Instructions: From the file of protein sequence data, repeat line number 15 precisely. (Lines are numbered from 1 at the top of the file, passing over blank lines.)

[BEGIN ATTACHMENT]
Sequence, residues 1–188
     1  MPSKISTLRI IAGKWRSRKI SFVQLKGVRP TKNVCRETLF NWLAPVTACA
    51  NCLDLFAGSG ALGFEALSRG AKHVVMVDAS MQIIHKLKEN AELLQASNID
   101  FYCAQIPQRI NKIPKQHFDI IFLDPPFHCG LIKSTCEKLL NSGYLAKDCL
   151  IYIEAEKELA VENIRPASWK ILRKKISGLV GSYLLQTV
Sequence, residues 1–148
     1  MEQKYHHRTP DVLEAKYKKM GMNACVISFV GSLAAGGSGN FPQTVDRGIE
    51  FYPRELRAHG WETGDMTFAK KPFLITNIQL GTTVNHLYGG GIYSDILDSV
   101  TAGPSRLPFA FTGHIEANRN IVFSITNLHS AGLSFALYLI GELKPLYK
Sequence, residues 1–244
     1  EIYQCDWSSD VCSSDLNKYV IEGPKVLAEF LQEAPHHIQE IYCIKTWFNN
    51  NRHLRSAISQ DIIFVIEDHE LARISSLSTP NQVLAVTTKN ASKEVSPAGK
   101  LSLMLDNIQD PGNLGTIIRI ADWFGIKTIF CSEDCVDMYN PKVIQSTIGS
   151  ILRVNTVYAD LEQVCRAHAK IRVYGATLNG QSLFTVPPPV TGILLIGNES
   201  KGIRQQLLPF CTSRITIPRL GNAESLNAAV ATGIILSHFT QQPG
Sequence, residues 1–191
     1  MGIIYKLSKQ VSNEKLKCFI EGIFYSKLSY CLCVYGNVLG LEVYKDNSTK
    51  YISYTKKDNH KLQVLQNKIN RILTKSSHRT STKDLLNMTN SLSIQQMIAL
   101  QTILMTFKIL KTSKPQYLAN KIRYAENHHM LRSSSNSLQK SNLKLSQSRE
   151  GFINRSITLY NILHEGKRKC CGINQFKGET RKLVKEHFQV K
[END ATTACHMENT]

   201  KGIRQQLLPF CTSRITIPRL GNAESLNAAV ATGIILSHFT QQPG